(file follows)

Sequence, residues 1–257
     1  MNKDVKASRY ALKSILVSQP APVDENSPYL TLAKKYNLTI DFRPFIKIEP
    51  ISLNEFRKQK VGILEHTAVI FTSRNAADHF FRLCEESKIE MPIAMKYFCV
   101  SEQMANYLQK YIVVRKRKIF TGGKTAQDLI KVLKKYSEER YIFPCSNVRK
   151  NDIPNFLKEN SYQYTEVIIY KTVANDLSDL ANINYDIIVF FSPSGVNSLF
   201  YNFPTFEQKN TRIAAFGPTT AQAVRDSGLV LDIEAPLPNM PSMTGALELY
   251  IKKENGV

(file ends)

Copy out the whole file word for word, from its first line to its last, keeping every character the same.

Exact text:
Sequence, residues 1–257
     1  MNKDVKASRY ALKSILVSQP APVDENSPYL TLAKKYNLTI DFRPFIKIEP
    51  ISLNEFRKQK VGILEHTAVI FTSRNAADHF FRLCEESKIE MPIAMKYFCV
   101  SEQMANYLQK YIVVRKRKIF TGGKTAQDLI KVLKKYSEER YIFPCSNVRK
   151  NDIPNFLKEN SYQYTEVIIY KTVANDLSDL ANINYDIIVF FSPSGVNSLF
   201  YNFPTFEQKN TRIAAFGPTT AQAVRDSGLV LDIEAPLPNM PSMTGALELY
   251  IKKENGV